The uptake of HPV vaccination is likely to have an impact on the frequency of genital warts in the community and the main treatments for this condition appear to have high clearance rates at reasonable cost.

Citation and Funding

Thurgar E, Barton S, Karner C, Edwards SJ. Clinical effectiveness and cost-effectiveness of interventions for the treatment of anogenital warts: systematic review and economic evaluation. Health Technol Assess. 2016;20(24):1-486.

This project was funded by the National Institute for Health Research HTA programme (project number 12/44/01).

Bibliography

CKS. Warts – anogenital. London; National Institute for Health and Care Excellence: 2012.

Clinical Effectiveness Group. UK National Guidelines on the Management of Anogenital Warts 2015. Macclesfield: British Association for Sexual Health and HIV; 2015.

NHS Choices. Genital warts. London: NHS; 2014.

Clinical effectiveness and cost-effectiveness of interventions for the treatment of anogenital warts: systematic review and economic evaluation

Published on 1 April 2016

Thurgar E, Barton S, Karner C, Edwards SJ.

Health Technology Assessment Volume 20 Issue 24 , 2016

Background Typically occurring on the external genitalia, anogenital warts (AGWs) are benign epithelial skin lesions caused by human papillomavirus infection. AGWs are usually painless but can be unsightly and physically uncomfortable, and affected people might experience psychological distress. The evidence base on the clinical effectiveness and cost-effectiveness of treatments for AGWs is limited. Objectives To systematically review the evidence on the clinical effectiveness of medical and surgical treatments for AGWs and to develop an economic model to estimate the cost-effectiveness of the treatments. Data sources Electronic databases (MEDLINE, MEDLINE In-Process & Other Non-Indexed Citations, EMBASE, The Cochrane Library databases and Web of Science) were searched from inception (or January 2000 for Web of Science) to September 2014. Bibliographies of relevant systematic reviews were hand-searched to identify potentially relevant studies. The World Health Organization International Clinical Trials Registry Platform and ClinicalTrials.gov were searched for ongoing and planned studies. Review methods A systematic review of the clinical effectiveness literature was carried out according to standard methods and a mixed-treatment comparison (MTC) undertaken. The model implemented for each outcome was that with the lowest deviance information criterion. A de novo economic model was developed to assess cost-effectiveness from the perspective of the UK NHS. The model structure was informed through a systematic review of the economic literature and in consultation with clinical experts. Effectiveness data were obtained from the MTC. Costs were obtained from the literature and standard UK sources. Results Of 4232 titles and abstracts screened for inclusion in the review of clinical effectiveness, 60 randomised controlled trials (RCTs) evaluating 19 interventions were included. Analysis by MTC indicated that ablative techniques were typically more effective than topical interventions at completely clearing AGWs at the end of treatment. Podophyllotoxin 0.5% solution (Condyline®, Takeda Pharmaceutical Company Ltd; Warticon® solution, Stiefel Laboratories Ltd) was found to be the most effective topical treatment evaluated. Networks for other outcomes included fewer treatments, which restrict conclusions on the comparative effectiveness of interventions. In total, 84 treatment strategies were assessed using the economic model. Podophyllotoxin 0.5% solution first line followed by carbon dioxide (CO2) laser therapy second line if AGWs did not clear was most likely to be considered a cost-effective use of resources at a willingness to pay of £20,000–30,000 per additional quality-adjusted life-year gained. The result was robust to most sensitivity analyses conducted. Limitations Limited reporting in identified studies of baseline characteristics for the enrolled population generates uncertainty around the comparability of the study populations and therefore the generalisability of the results to clinical practice. Subgroup analyses were planned based on type, number and size of AGWs, all of which are factors thought to influence treatment effect. Lack of data on clinical effectiveness based on these characteristics precluded analysis of the differential effects of treatments in the subgroups of interest. Despite identification of 60 studies, most comparisons in the MTC are informed by only one RCT. Additionally, lack of head-to-head RCTs comparing key treatments, together with minimal reporting of results in some studies, precluded comprehensive analysis of all treatments for AGWs. Conclusions The results generated by the MTC are in agreement with consensus opinion that ablative techniques are clinically more effective at completely clearing AGWs after treatment. However, the evidence base informing the MTC is limited. A head-to-head RCT that evaluates the comparative effectiveness of interventions used in clinical practice would help to discern the potential advantages and disadvantages of the individual treatments. The results of the economic analysis suggest that podophyllotoxin 0.5% solution is likely to represent a cost-effective first-line treatment option. More expensive effective treatments, such as CO2 laser therapy or surgery, may represent cost-effective second-line treatment options. No treatment and podophyllin are unlikely to be considered cost-effective treatment options. There is uncertainty around the cost-effectiveness of treatment with imiquimod, trichloroacetic acid and cryotherapy. Funding The National Institute for Health Research Health Technology Assessment programme.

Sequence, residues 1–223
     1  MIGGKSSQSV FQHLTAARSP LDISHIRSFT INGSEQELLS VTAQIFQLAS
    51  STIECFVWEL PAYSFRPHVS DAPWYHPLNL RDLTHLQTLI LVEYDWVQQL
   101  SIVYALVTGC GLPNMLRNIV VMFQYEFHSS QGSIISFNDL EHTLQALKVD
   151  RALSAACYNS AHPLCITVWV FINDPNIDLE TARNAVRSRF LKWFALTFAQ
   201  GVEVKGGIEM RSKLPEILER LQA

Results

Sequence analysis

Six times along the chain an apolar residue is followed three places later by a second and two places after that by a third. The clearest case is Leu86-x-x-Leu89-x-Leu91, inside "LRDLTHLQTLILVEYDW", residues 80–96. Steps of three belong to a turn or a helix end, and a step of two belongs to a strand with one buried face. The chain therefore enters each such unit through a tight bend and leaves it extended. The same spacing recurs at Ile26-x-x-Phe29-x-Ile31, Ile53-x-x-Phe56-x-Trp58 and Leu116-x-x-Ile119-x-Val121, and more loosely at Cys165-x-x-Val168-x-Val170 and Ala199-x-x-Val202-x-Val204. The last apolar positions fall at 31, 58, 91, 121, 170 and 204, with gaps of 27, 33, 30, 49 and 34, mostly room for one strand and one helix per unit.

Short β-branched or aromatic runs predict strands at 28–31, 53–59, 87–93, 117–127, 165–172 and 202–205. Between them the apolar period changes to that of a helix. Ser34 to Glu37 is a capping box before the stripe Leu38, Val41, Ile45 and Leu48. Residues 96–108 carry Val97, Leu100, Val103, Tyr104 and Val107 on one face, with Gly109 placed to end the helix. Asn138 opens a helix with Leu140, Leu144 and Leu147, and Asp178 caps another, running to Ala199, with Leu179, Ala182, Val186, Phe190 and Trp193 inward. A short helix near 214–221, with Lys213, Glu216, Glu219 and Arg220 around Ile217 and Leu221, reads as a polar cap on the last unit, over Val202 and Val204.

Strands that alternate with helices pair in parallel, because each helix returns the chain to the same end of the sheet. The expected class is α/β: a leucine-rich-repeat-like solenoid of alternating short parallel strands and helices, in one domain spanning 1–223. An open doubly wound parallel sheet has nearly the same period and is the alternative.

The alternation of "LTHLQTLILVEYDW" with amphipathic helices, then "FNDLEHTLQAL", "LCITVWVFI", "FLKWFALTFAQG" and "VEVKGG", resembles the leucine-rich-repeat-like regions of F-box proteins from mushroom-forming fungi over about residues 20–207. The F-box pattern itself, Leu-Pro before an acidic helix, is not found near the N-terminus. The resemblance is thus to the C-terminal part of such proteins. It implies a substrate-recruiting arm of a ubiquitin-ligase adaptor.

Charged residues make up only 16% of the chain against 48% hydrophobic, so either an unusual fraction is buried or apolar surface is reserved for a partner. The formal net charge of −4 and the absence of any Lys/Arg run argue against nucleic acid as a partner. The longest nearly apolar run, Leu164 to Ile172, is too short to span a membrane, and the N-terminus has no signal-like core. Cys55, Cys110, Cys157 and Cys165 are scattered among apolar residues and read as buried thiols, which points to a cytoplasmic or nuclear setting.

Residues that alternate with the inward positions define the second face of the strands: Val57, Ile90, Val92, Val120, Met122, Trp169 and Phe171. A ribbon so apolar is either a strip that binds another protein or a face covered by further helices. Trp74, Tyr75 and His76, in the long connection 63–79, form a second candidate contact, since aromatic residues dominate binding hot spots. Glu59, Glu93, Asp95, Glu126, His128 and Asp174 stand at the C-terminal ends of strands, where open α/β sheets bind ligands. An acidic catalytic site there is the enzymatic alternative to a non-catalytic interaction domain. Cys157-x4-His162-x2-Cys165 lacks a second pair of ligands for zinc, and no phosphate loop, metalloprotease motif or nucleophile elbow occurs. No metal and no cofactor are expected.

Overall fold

Genital warts are small fleshy growths, bumps or skin changes that appear on or around the genital or anal area. For more details see NHS Choices.

They are very common. In England, they are the second most common type of sexually transmitted infection after chlamydia. Genital warts are the result of a viral skin infection caused by the human papilloma virus (HPV). They are usually painless and do not pose a serious threat to health.

But they can be unpleasant to look at and cause psychological distress. There is no evidence that your fertility will be affected by genital warts.

HPV vaccines in the UK are offered to all girls in year 8 (aged 12 to 13 years).

Since September 2012, the vaccine Gardasil has been used and can help protect against HPV types 6 and 11, which cause around 90% of genital warts. It also protects against types 16 and 18, which are linked to more than 70% of cases of cervical cancer in the UK.

Expert commentary

There is limited evidence available to develop effective care pathways for the large number of people who have genital warts. First line therapy with topical podophyllotoxin is effective in clearing warts in a significant proportion of individuals but ablative therapies, to actually remove the wart tissue, should be not be delayed when the response is poor. Although head to head comparisons of wart treatments are lacking, these may be difficult to perform as the implementation of HPV vaccination in the UK is expected to reduce warts incidence substantially.

Jonathan Ross, Professor of Sexual Health and HIV, University Hospitals Birmingham NHS Foundation Trust